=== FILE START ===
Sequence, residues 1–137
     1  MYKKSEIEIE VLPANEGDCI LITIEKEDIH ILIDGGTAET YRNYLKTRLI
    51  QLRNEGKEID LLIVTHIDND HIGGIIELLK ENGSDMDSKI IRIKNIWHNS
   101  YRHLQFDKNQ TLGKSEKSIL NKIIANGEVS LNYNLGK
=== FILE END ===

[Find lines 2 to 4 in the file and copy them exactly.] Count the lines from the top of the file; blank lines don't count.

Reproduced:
     1  MYKKSEIEIE VLPANEGDCI LITIEKEDIH ILIDGGTAET YRNYLKTRLI
    51  QLRNEGKEID LLIVTHIDND HIGGIIELLK ENGSDMDSKI IRIKNIWHNS
   101  YRHLQFDKNQ TLGKSEKSIL NKIIANGEVS LNYNLGK